In 1975, When she was 22, Susan Webb was riding on the back of a friend's motorcycle when, in a flash, everything changed. One minute, she was savoring the rush of the wind in her hair; the next, she was lying unconscious in a ravine with a broken back. Webb woke in a hospital to find she had lost the use of her legs. She has been in a wheelchair ever since.
Now 47, Webb doesn't ask for sympathy, and she doesn't grant much, either. A disability doesn't have to slow you down, Webb believes. In fact, that's the proposition behind her new company--Webb Transitions Inc., a Phoenix consulting firm designed to help disabled people on welfare and state employees on disability find work. "I am no bleeding-heart liberal," Webb says. "I am absolutely adamant about people taking responsibility for themselves."
A growing number of state legislatures apparently agree. Some 2 million Americans receive disability-related benefits, yet such recipients have been exempt from welfare-to-work initiatives. Not anymore. Today, more than 30 states require the participation of certain individuals with disabilities. That, along with a growing trend among states to outsource administration of their welfare programs, is creating an unlikely niche for entrepreneurs like Webb.
Formed in March, Webb's six-person shop contracts with public agencies and private companies to consult with disabled enrollees, assess their abilities, and help remove any employment barriers that may exist, such as transportation and job training. Her caseload runs the gamut: the single mother who can't afford day care for her disabled child; the learning-disabled individual who needs counseling; the quadriplegic who requires voice-recognition technology to take a computer job. "She shows them the possibilities, helps them set goals, and works with them to achieve those goals," says Beth Hicks, a project manager at Maximus, in McLean, Va., the nation's leading contractor of privately managed welfare programs, and Webb's biggest client.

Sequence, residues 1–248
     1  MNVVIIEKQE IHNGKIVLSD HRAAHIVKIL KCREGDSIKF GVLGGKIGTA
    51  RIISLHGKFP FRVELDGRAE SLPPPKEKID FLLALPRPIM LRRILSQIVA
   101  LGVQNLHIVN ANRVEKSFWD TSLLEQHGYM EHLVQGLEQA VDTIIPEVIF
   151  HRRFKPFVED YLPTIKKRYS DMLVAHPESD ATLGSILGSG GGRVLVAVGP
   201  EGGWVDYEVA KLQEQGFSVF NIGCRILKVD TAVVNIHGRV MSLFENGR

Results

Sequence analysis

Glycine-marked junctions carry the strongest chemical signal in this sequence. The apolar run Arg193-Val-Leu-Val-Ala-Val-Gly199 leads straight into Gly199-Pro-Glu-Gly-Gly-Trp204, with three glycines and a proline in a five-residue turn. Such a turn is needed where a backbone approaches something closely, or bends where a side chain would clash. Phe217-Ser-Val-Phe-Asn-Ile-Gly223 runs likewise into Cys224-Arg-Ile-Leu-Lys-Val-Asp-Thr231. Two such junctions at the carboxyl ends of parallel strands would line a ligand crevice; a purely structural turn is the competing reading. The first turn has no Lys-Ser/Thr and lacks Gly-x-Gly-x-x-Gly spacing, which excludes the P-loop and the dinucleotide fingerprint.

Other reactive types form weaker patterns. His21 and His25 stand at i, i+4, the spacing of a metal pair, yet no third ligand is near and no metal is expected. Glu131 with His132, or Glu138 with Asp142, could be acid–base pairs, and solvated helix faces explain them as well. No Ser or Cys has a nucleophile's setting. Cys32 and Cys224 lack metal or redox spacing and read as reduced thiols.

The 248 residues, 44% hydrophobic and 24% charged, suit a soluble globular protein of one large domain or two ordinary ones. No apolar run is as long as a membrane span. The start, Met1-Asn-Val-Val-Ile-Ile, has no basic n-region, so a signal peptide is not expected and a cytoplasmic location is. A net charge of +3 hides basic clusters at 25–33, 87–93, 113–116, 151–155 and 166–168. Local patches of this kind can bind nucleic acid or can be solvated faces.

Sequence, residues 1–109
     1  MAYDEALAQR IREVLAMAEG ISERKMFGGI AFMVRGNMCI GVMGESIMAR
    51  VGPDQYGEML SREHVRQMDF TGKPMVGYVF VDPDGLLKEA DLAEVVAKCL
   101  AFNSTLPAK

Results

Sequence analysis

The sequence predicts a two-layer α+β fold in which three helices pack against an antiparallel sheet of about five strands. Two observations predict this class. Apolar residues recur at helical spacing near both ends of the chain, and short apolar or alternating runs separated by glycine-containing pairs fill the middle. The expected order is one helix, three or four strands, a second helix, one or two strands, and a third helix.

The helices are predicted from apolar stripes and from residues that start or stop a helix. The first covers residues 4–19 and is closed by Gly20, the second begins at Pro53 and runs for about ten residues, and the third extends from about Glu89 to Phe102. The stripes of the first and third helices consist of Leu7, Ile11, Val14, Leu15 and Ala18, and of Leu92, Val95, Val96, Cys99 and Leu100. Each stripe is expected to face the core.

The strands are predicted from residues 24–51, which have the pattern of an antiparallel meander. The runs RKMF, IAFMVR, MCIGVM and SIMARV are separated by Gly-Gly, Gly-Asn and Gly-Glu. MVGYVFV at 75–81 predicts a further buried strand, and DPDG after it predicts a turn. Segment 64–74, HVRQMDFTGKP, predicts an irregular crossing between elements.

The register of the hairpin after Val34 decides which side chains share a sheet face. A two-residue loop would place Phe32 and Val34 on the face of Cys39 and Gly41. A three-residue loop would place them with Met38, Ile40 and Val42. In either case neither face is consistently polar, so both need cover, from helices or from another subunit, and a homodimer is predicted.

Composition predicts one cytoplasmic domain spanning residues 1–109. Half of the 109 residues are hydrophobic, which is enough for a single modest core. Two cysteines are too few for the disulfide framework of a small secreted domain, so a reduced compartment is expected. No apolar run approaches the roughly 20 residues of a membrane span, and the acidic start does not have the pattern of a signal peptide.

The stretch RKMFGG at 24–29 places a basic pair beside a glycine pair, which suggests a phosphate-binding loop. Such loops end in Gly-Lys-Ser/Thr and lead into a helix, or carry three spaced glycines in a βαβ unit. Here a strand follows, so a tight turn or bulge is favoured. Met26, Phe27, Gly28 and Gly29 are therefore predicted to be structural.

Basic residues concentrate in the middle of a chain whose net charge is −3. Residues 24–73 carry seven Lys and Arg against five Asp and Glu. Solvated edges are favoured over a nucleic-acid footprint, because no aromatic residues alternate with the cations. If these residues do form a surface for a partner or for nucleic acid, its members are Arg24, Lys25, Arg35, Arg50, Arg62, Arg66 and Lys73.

Webb may be her own best advertisement. After recovering from her accident, she entered the workforce, eventually becoming a senior executive at AT&T and earning an MBA. All the while, she was a vocal advocate for the disabled, serving on the government task forces that helped draft the 1990 Americans with Disabilities Act and the Ticket-to-Work legislation signed into law by President Clinton in December. Most recently, she was executive director of Arizona Bridge to Independent Living (ABIL), a nonprofit that works with the disabled.
But Webb grew frustrated with the slow pace and govern-by-consensus culture of the nonprofit world. As a for-profit contractor, she figured she would be able to help more people--and make a few bucks in the process. She expects Webb Transitions to generate sales of about $440,000 this year and grow by about 10% annually. In addition to welfare recipients, there are 4.5 million others receiving Social Security disability benefits who may soon be expected to return to the workforce. Add private-sector long-term disability cases to the mix, and Webb believes she has the makings of a multimillion-dollar business. "Welfare reform is just the tip of the iceberg," she says.
What's more, because the disabled historically have been exempt from work-participation programs, few placement agencies fully understand the range of special services they need. As a result, Webb has the market almost entirely to herself. She may be in a wheelchair, but when it comes to capitalizing on welfare reform, Webb is hardly the one who's handicapped.
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